Clinical relevance of Y-linked CNV screening in male infertility: New insights based on the 8-year experience of a diagnostic genetic laboratory

Deborah Lo Giacco, Chiara Chianese, Josvany Sánchez-Curbelo, Lluis Bassas, Patricia Ruiz, Osvaldo Rajmil, Joaquim Sarquella, Alvaro Vives, Eduard Ruiz-Castañ́, Rafael Oliva, Elisabet Ars, Csilla Krausz

Research output: Contribution to journalArticleResearchpeer-review

49 Citations (Scopus)


AZF microdeletion screening is routinely performed in the diagnostic work-up for male infertility; however, some issues remain debated. In this study, we provide insights into the sperm concentration cutoff value for routine testing, the predictive value of AZFc deletion for testicular sperm retrieval and the Y-background contribution to the interpopulation variability of deletion frequencies. In the Spanish population, partial AZFc rearrangements have been poorly explored and no data exist on partial duplications. In our study, 27/806 (3.3%) patients carried complete AZF deletions. All were azoo/cryptozoospermic, except for one whose sperm concentration was 2 andtimes; 10 6 /ml. In AZFc-deleted men, we observed a lower sperm recovery rate upon conventional TESE (9.1%) compared with the literature (60-80% with microTESE). Haplogroup E was the most represented among non-Spanish and hgr P among Spanish AZF deletion carriers. The analysis of AZFc partial rearrangements included 330 idiopathic infertile patients and 385 controls of Spanish origin. Gr/gr deletion, but not AZFc partial duplications, was significantly associated with spermatogenic impairment. Our data integrated with the literature suggest that: (1) routine AZF microdeletion testing could eventually include only men with andle;2 andtimes; 10 6 /ml; (2) classical TESE is associated with low sperm recovery rate in azoospermic AZFc-deleted men, and therefore microTESE should be preferred; (3) Y background could partially explain the differences in deletion frequencies among populations. Finally, our data on gr/gr deletion further support the inclusion of this genetic test in the work-up of infertile men, whereas partial AZFc duplications do not represent a risk for spermatogenic failure in the Spanish population. © 2014 Macmillan Publishers Limited All rights reserved.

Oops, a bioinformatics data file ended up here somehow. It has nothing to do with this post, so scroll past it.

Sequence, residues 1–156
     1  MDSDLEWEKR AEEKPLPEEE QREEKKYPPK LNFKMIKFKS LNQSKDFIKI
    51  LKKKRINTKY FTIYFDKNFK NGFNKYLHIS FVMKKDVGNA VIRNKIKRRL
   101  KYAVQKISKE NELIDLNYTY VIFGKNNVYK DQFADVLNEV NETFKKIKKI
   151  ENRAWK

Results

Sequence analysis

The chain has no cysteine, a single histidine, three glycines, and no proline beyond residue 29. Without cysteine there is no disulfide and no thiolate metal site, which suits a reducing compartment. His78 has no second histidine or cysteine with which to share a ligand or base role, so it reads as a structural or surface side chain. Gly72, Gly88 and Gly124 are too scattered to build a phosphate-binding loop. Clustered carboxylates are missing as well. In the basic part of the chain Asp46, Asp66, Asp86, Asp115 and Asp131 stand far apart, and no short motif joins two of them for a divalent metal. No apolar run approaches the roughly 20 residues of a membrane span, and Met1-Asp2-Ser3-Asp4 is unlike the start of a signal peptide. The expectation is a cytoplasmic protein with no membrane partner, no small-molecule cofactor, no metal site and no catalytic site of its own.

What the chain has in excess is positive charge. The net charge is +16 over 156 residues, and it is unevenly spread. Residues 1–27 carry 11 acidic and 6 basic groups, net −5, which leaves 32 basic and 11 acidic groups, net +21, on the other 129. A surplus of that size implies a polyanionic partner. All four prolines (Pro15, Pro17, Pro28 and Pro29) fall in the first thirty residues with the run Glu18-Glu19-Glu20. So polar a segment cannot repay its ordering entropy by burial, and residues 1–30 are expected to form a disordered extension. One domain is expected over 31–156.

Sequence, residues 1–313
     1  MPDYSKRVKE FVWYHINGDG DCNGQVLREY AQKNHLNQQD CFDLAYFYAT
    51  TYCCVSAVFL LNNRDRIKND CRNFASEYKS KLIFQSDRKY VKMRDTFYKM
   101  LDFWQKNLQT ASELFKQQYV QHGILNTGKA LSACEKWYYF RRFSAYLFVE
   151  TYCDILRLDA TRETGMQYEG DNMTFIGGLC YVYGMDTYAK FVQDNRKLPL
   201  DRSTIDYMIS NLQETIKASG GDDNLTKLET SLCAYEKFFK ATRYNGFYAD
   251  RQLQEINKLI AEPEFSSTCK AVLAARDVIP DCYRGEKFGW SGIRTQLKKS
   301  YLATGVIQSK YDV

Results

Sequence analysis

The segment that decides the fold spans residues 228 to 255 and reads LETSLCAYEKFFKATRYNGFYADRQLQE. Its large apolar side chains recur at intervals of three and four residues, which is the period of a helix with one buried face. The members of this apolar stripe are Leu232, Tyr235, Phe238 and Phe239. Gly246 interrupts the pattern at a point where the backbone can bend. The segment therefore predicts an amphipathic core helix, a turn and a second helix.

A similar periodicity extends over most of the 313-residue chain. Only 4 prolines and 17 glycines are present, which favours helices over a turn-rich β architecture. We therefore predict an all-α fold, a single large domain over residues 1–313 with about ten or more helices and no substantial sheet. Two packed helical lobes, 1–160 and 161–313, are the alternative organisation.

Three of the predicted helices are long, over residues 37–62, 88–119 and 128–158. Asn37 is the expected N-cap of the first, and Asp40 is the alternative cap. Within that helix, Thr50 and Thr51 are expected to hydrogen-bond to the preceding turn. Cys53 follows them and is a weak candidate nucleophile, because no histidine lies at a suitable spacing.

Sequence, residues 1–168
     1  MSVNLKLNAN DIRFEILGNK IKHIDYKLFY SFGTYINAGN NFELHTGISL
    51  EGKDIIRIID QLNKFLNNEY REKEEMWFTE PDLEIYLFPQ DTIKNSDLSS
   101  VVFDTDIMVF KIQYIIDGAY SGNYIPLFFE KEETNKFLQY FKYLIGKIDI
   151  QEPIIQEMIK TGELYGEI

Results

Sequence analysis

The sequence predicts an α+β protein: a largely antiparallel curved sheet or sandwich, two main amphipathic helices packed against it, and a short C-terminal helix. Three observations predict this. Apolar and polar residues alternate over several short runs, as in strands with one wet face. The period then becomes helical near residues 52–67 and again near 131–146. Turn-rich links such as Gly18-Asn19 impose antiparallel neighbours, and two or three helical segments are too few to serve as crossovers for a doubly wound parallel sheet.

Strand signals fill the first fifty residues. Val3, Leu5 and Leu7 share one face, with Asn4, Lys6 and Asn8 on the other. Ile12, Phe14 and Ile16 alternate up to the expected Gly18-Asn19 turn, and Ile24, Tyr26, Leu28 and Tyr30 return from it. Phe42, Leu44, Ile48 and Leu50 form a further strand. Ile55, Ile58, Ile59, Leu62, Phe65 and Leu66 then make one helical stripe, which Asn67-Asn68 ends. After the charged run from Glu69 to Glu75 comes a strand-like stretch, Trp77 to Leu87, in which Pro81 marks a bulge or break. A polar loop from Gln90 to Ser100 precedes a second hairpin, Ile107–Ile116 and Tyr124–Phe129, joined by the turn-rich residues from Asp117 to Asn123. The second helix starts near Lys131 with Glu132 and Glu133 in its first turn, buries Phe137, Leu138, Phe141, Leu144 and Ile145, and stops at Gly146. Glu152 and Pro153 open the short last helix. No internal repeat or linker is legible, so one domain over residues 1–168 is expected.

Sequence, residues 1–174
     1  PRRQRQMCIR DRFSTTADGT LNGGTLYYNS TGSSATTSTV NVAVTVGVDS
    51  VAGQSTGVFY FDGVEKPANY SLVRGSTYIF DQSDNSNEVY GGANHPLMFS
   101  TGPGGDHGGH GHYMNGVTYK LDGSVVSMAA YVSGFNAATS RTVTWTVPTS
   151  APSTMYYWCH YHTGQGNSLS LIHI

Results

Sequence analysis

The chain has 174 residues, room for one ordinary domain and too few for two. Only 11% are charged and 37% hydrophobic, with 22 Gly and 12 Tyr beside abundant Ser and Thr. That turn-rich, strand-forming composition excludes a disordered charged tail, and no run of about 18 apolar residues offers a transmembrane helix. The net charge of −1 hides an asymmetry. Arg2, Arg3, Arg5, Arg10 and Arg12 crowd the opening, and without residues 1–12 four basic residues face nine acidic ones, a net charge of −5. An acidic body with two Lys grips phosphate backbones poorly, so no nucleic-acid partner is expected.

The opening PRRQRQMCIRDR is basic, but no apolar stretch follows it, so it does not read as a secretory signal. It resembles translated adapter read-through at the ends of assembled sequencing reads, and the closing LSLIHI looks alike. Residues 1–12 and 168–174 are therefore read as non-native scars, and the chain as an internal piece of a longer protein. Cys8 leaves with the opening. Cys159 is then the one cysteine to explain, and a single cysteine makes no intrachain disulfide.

Original languageEnglish
Pages (from-to)754-761
JournalEuropean Journal of Human Genetics
Issue number6
Publication statusPublished - 1 Jan 2014


  • AZFc duplications
  • gr/gr deletion
  • male infertility
  • Y microdeletions
  • Y-linked CNVs


Dive into the research topics of 'Clinical relevance of Y-linked CNV screening in male infertility: New insights based on the 8-year experience of a diagnostic genetic laboratory'. Together they form a unique fingerprint.

Cite this